3. Oh I am so with you on being terrified of having a newborn again. In fact, this us basically my head, except we haven’t got as far as going back to our baby factory yet. Butitit’s on the cards, and I feel like although I would like Monkey to have a sibling, we got so lucky with him, why push it? And plus I would be totally happy with one. So yeah, this second baby business is complicated!

  4. It sounds like you have some really good reasons to be not-so-sure about heading into Round #2 (birth-related trauma, the slow-motion trauma that it is TTC,etc). But I also wonder if things are different the second time around for lots of folks. I’ve heard other parents talk about it, and it has certainly been my experience. I went into TTC the first time full of sepia-toned images of carrying my darling, cooing infant to the farmer’ market. This time around I have all too many memories of just how awful some moments of living with an infant were, and how many times I wanted to throw this shrieking being out the window. Heading into TTC#2 I have a few pictures in my head of why we’re doing this (mostly various images of Tad and a sibling hanging out together in adorable ways). But I’m also aware that there will be far fewer of those perfect moments than there will be of dealing with squabbling and preventing hitting and… I think we’re mostly going into this for the same logical, rational reasons that you describe in the last paragraph. And it seems like it’s much harder to be motivated to head into the struggles and unpleasantness that comprise TTC (or early pregancy) when motivated only by the logic of where you’d like to be years from now.
    I hopehopehope that the TTC process is short this time around. And yikes on the CD1 with no NSAIDS!

  5. How is I that you always seem to capture my thoughts so much more elequently then I could. I am completely with you on visioning the family I’d like to have in 2 years…le sigh

  6. “It’s less like I need to have a baby NOW, and more like, I know what I’d like our lives to look like in several years, and this is the time it makes sense to start building that future.”

    This is EXACTLY how I feel about ttcing for 2.0. Exactly. You said it so well.

    I have a friend who had the worst first birth experience I have ever heard (including reconstructive surgery a year or so down the line). She had, no joke, PTSD as a result. She did manage to have a second baby and has a truly lovely family. I think your reluctance is totally normal given your history, but I also know you are a tough cookie and you’ll be able to get through it all.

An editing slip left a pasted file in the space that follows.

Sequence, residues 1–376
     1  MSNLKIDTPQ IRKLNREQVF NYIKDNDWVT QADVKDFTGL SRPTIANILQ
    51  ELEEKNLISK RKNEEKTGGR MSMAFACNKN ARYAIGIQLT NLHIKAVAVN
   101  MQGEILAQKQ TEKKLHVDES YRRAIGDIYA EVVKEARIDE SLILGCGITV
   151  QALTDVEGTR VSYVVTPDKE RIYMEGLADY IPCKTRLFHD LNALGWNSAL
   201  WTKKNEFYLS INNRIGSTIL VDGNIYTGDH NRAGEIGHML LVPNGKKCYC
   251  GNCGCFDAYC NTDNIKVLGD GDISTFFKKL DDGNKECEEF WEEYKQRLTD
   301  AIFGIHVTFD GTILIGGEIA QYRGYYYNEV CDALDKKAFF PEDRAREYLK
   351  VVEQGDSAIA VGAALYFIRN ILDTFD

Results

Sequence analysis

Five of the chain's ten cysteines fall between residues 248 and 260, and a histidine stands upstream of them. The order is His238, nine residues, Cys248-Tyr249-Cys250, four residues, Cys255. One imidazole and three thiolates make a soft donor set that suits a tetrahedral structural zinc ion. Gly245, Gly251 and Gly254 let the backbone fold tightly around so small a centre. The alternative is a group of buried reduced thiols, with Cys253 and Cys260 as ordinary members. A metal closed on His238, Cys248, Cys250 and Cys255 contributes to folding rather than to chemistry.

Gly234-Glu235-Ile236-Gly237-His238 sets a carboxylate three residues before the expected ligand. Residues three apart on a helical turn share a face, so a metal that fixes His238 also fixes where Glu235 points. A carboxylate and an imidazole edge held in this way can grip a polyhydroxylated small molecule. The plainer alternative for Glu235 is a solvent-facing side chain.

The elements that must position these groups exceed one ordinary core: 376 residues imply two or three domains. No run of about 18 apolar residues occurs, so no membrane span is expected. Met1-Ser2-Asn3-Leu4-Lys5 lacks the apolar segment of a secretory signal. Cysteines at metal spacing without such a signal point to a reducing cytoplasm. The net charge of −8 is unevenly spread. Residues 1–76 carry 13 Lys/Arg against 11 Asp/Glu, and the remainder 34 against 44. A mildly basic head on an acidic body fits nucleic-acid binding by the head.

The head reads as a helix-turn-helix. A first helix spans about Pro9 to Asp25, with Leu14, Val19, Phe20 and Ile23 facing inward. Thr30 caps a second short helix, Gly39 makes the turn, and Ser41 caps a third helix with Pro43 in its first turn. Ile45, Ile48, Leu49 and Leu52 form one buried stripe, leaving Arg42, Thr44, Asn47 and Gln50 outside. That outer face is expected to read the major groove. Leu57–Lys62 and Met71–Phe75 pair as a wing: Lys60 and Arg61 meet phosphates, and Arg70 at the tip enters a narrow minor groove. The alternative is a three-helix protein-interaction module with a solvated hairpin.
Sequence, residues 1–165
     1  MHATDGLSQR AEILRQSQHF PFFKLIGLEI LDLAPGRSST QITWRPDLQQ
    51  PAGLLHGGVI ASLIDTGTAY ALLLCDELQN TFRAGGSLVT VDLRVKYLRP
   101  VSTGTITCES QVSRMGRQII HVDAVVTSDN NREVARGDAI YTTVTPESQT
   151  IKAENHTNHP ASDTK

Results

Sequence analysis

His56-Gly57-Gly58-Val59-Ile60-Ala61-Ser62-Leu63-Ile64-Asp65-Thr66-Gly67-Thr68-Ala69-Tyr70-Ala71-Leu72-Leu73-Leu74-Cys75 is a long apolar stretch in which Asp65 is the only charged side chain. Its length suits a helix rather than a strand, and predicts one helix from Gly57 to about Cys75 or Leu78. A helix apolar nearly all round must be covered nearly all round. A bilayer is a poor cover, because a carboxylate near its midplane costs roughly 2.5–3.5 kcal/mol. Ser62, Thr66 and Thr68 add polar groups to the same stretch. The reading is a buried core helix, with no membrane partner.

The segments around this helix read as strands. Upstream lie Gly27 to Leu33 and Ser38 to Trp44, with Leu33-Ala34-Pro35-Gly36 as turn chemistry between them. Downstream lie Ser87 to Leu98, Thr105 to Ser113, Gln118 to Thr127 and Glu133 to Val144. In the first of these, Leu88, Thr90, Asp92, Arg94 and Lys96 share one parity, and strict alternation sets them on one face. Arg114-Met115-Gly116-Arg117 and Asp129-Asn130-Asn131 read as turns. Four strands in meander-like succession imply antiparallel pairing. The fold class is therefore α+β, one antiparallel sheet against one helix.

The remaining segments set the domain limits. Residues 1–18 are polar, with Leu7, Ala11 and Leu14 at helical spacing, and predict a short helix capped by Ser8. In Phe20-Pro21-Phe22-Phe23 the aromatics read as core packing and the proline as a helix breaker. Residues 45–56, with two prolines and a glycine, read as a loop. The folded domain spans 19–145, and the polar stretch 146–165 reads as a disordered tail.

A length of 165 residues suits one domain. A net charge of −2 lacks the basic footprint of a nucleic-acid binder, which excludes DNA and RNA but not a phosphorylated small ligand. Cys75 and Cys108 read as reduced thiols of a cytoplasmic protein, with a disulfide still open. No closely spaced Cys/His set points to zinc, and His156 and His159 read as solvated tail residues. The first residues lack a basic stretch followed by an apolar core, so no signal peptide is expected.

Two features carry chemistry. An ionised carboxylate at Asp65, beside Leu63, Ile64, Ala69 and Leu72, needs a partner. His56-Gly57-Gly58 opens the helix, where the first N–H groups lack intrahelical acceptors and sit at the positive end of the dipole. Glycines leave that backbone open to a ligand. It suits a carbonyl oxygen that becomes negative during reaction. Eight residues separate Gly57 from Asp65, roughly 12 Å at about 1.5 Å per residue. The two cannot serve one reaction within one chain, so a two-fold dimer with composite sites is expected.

7. I was going to comment, but then I read Turia’s comment and now I have to go somewhere else because I am hyperventilating. (Reconstructive surgery? Holy shit!) So, I’m just going to leave it at 1) insomnia is a PMS symptom for me also, and 2) I totally get it.

  8. Ah ha ha ha. Exactly how I felt about child #2 as well; however, only my spouse and a glass of wine were involved, so the period (so to speak) of uncertainty was somewhat compacted from yours. When I took the pregnancy test I was like OH SHIT what am I doing.

    Newborn sucks. No two ways about it. Walking, talking 1.5 year old? So much better. But… such a short, if painful, fraction of their lives, right?

  9. ‘I think it’s more to do with coping very poorly with serious sleep deprivation, not being particularly well-treated by breastfeeding hormones … and, well, being the kind of person who would even think of calling a gurgling bundle of sour-milk-scented joy a larva.’ Oh my lord, I am not alone. Which means you are not alone. High-fives across the interwebs, lady.

  10. Based on a very unscientific, informal survey, 90% of second babies are easier than the first. Is this because parents are more experienced? Who knows. The only exception to the easier second baby was a cousin with an ANNOYINGLY amazing sleeper baby, born two weeks after my own colicky, never-sleeping, OMG I must wake DH because I seriously might hurt this child, C1. We both had normal-crying amount children a few years later, after which she panicked and her DH got a vasectomy. Meanwhile, I was enjoying my mellow, sweet C2, and dealing with poor C1’s lack-of-sleep-induced monster tantrums. Fast-forward to now, and I’ve got it pretty good. C1 is a sweet and sensitive boy in kindergarten who sleeps well and does laundry, C2 (3.5) plays nicely by himself and with others, vacuums, and has these hilarious eyebrows and shoulder shrugs. DH can’t imagine screwing up the peacefulness with a third, but I do, occasionally.

    So yes, life in a couple years will hopefully include a darling sibling, who will no longer be a smelly (if adorable-while-sleeping) larvae. DH was originally horrified that I’d refer to our growing fetus C1 as, “My little parasite.” But really, what do you call something that sucks the nutrients from your blood to support itself? Offspring!

  11. Another comment that “I know what I’d like our lives to look like in several years, and this is the time it makes sense to start building that future” is exactly right. Nicely phrased.

  12. Yeah, it sucks to have to THINK about this shit, because it’s the kind of decision that does not yield to a nice pro and con list. And okay, the Bean’s infancy was a pretty INSANE version of the experience, starting with birth, complete with honest to goodness ptsd! I don’t know. I just really want you guys to have more children, because the one you’ve got is so extra perfect. As a successful baby hoarder I just want to share experience that life can seem perfect as it is, and there can even be massive resistance to fucking with that, but it turns out there’s an even MORE perfect version.

    Of course I like babies and am…not…entirely…sure about toddlers.

    Mr. Bunny was like Why can’t we have like six eight month olds, as we gazed at our joyous, chortling child. Yeah, and then six two year olds? I replied, and he got a bit ashen.

    • There was never more than two hours in a row, between the ages of three and four, when a) Bug was awake and b) we enjoyed his company. TODDLERS AAAAAAGH. I have a theory that one either gets Terrible Twos or Terrible Threes, but not both. If I’m wrong, please, don’t anybody tell me so.

  13. Pingback: The Smaller Roller Coaster | Bionic Mamas